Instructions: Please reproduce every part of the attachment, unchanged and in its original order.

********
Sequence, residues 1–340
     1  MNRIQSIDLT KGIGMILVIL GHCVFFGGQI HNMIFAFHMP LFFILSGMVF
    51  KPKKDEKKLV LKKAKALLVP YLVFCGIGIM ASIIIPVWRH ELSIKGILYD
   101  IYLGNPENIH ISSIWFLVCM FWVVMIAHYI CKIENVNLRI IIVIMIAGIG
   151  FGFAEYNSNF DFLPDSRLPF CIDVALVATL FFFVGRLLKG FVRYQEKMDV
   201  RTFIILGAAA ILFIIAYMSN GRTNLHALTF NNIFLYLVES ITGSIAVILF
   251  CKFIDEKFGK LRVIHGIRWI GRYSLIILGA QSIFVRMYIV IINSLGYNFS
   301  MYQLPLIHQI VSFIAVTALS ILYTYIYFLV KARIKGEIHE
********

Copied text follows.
Sequence, residues 1–340
     1  MNRIQSIDLT KGIGMILVIL GHCVFFGGQI HNMIFAFHMP LFFILSGMVF
    51  KPKKDEKKLV LKKAKALLVP YLVFCGIGIM ASIIIPVWRH ELSIKGILYD
   101  IYLGNPENIH ISSIWFLVCM FWVVMIAHYI CKIENVNLRI IIVIMIAGIG
   151  FGFAEYNSNF DFLPDSRLPF CIDVALVATL FFFVGRLLKG FVRYQEKMDV
   201  RTFIILGAAA ILFIIAYMSN GRTNLHALTF NNIFLYLVES ITGSIAVILF
   251  CKFIDEKFGK LRVIHGIRWI GRYSLIILGA QSIFVRMYIV IINSLGYNFS
   301  MYQLPLIHQI VSFIAVTALS ILYTYIYFLV KARIKGEIHE